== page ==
Movies are nothing without characters. The most common critique I have about sub-par movies are character-related. Whether that be a lack of character development, being stuffed with too many characters, or suffocating the characters with too much emphasis on plot, it’s almost always about the characters. Without your characters, there is very little movie, because you can’t tell stories about the human spirit, without a vessel to reflect that in. Sure, we read stories about legendary battles, or mythical conquests or galactic adventures, but at its heart, the stories are about our heroes and the personal journey that they underwent from within. The journey on the exterior is just a plot device. The plot will always fall second to the character for me because the plot is just a backdrop for characters to develop. 

We watch these characters change and develop, and it teaches us about how the human spirit responds to its surroundings. Oftentimes it’s not the quest or the MacGuffin that audiences care about when watching a movie, we watch to see how characters are impacted by their journey. We don’t watch to observe the plot, we watch to observe how characters respond to the plot. How they react to the plot. How they are influenced by the plot. We watch because we see ourselves portrayed in the characters, we project our strengths in the heroes and see our weaknesses reflected in the villains. Maybe it says something about our narcissistic society that we have to portray ourselves in everything, but if humanity as a whole really is that narcissistic, then might as well be entertained while we’re at it.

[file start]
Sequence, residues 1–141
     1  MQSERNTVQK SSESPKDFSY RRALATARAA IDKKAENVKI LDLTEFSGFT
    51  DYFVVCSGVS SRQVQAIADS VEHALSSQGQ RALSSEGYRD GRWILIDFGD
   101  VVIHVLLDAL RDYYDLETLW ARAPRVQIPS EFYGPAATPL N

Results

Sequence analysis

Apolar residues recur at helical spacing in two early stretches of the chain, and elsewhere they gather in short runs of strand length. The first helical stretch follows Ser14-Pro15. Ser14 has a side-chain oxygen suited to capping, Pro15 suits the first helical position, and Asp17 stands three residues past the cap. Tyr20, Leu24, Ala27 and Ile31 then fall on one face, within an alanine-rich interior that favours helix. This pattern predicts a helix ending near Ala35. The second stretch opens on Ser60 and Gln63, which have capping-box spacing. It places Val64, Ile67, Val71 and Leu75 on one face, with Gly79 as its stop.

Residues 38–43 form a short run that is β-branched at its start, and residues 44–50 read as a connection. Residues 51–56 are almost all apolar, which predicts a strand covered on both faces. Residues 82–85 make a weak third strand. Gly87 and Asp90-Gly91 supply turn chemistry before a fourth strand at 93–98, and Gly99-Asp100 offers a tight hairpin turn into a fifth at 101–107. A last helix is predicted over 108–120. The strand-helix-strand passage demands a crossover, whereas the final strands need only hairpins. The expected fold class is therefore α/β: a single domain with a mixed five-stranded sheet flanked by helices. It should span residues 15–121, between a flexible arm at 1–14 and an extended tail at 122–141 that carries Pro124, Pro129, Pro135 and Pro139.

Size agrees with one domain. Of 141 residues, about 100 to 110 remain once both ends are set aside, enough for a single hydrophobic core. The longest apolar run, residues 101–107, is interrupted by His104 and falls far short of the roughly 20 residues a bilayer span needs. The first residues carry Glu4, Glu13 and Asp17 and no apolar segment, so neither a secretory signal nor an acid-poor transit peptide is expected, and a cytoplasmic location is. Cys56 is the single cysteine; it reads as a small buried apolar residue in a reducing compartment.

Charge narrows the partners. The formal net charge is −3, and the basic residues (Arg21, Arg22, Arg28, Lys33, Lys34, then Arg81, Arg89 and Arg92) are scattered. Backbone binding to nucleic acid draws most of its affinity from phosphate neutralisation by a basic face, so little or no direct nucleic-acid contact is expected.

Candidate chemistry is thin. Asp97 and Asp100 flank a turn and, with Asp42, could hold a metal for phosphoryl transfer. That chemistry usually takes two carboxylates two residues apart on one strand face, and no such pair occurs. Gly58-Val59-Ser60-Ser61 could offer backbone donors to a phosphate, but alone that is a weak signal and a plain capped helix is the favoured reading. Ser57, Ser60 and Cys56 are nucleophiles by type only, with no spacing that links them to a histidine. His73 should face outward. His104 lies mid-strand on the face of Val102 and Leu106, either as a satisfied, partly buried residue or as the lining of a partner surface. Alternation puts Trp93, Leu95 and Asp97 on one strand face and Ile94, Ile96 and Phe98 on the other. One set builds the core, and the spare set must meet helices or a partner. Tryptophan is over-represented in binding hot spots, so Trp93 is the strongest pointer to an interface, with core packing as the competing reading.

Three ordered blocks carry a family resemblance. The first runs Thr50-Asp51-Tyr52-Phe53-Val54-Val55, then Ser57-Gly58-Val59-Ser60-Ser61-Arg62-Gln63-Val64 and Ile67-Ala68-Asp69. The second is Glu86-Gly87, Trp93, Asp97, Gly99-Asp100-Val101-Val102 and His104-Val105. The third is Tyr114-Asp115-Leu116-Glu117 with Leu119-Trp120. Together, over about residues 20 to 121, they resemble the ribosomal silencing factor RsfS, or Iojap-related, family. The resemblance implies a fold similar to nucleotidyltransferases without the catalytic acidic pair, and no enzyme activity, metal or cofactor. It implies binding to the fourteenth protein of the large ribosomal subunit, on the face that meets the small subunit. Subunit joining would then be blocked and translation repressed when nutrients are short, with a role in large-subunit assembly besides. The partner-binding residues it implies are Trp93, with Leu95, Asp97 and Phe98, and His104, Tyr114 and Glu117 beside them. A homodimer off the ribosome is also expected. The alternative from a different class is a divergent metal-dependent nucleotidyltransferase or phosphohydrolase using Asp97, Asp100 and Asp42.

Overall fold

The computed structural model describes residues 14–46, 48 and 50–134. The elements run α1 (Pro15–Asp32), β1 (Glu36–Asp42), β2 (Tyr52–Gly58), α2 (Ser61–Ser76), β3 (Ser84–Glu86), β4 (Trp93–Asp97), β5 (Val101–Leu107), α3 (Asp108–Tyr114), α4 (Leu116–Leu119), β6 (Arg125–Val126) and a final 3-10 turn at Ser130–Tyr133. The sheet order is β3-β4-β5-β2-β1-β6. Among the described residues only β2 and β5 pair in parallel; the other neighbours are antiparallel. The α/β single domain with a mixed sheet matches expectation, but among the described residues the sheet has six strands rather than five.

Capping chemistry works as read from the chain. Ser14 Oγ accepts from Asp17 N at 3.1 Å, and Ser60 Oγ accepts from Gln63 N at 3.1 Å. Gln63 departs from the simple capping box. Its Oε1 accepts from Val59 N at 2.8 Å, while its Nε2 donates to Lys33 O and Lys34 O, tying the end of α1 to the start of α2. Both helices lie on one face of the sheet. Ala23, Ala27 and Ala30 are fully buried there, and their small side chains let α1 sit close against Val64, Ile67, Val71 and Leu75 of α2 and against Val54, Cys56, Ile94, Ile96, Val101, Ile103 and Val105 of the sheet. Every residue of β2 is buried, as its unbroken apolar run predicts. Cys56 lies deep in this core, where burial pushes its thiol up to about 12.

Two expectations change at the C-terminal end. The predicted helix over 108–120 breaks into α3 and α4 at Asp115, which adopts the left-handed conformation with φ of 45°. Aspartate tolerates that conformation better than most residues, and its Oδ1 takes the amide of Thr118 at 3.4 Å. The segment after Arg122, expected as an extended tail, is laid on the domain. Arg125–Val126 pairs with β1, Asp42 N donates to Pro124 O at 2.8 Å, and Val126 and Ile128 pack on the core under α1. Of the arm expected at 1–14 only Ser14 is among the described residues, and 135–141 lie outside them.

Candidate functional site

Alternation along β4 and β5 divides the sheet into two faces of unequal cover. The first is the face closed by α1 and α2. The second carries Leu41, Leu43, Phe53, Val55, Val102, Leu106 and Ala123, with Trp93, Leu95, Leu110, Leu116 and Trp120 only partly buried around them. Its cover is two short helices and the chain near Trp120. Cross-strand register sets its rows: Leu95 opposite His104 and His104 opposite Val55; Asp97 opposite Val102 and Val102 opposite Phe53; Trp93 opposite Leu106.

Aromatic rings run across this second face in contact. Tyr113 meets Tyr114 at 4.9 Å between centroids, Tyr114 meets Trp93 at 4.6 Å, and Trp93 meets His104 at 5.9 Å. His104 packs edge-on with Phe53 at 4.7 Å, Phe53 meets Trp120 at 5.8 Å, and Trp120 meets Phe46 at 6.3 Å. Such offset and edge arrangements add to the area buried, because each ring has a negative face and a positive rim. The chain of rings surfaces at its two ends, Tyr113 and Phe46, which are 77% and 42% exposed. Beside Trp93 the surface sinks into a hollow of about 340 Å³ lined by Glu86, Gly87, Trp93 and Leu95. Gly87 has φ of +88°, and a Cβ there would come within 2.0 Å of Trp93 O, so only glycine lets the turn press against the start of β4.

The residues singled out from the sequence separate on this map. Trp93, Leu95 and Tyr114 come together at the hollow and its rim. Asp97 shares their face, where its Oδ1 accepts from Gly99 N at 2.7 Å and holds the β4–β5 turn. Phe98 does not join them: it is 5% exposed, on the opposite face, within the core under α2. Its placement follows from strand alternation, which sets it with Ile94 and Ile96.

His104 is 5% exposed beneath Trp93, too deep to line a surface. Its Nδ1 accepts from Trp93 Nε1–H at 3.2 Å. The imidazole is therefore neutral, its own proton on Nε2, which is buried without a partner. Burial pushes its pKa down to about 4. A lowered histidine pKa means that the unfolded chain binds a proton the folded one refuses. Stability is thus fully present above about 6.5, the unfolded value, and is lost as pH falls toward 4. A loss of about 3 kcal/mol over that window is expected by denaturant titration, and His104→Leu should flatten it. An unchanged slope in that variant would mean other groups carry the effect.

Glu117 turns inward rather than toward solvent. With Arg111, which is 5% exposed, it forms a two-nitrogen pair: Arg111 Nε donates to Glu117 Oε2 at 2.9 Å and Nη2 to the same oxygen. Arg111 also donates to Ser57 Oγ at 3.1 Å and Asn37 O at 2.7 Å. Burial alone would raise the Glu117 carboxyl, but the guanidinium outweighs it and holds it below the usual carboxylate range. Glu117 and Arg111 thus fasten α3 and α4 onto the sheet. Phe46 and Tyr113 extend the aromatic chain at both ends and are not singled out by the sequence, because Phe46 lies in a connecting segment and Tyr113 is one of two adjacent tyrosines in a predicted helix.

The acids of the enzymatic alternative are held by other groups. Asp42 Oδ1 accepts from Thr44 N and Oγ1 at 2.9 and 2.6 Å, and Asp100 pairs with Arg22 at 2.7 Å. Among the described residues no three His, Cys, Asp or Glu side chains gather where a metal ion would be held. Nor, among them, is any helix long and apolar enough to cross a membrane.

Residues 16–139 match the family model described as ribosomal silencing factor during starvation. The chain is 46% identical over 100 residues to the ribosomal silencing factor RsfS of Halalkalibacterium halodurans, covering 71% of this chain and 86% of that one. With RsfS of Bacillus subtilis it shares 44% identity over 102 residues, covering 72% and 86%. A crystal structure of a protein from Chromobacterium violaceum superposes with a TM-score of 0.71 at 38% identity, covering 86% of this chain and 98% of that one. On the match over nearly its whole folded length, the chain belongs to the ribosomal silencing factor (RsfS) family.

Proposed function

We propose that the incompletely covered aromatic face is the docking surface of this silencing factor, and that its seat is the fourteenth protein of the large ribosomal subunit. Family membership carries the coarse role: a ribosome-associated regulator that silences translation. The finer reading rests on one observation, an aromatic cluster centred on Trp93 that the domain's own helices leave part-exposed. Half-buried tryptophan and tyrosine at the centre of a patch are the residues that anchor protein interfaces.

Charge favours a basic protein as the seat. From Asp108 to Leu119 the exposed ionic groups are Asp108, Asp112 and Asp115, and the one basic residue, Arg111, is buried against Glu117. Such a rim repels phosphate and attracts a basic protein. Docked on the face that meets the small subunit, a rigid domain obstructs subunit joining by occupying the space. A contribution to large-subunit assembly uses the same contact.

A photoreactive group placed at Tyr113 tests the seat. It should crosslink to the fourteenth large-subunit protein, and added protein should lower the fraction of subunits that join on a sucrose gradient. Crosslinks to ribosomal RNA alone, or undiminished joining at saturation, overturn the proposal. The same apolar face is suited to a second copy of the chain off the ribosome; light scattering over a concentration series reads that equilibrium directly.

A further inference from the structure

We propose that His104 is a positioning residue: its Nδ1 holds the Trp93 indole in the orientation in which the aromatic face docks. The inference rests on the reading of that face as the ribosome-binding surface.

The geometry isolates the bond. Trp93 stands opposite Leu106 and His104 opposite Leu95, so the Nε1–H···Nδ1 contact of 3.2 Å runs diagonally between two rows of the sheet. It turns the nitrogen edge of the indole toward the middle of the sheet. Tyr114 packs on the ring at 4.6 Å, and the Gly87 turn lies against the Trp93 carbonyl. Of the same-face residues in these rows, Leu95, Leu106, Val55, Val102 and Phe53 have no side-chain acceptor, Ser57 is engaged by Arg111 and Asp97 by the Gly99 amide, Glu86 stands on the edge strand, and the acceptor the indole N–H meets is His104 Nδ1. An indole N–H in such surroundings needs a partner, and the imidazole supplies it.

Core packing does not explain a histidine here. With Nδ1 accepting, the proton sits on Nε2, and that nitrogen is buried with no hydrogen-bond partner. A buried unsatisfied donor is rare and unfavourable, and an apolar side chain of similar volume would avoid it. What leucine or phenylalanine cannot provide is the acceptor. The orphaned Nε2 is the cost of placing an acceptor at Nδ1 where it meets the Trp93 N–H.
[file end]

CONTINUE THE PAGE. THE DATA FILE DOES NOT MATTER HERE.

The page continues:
I can’t relate to Caesar as he went into battle against the Gauls, but I sure can relate to Harry Potter as he battles Lord Voldemort. I could care less about Napoleon and Czar Alexander’s bromance/romance, but watching love blossom between two office assistants as they attempt to ‘parent-trap’ their boss leaves me more fulfilled then I’d like to admit. Learning that the Chinese Government is potentially spying on me through my Huawei phone drew little more than a shrug of my shoulders, but I was in shambles after experiencing half of the universe being snapped away. I suppose one could say that putting so much emotional investment into movies says more about my mental state than a reflection of our society, but I choose to believe the latter to help me sleep at night. I choose to believe that movies are so integral to our society because they help us make sense of the confusing and chaotic environment that we live in. Seeing humanity and the human spirit is portrayed so honestly and intimately on a 30x50 feet silver screen teaches us something about the human spirit within ourselves.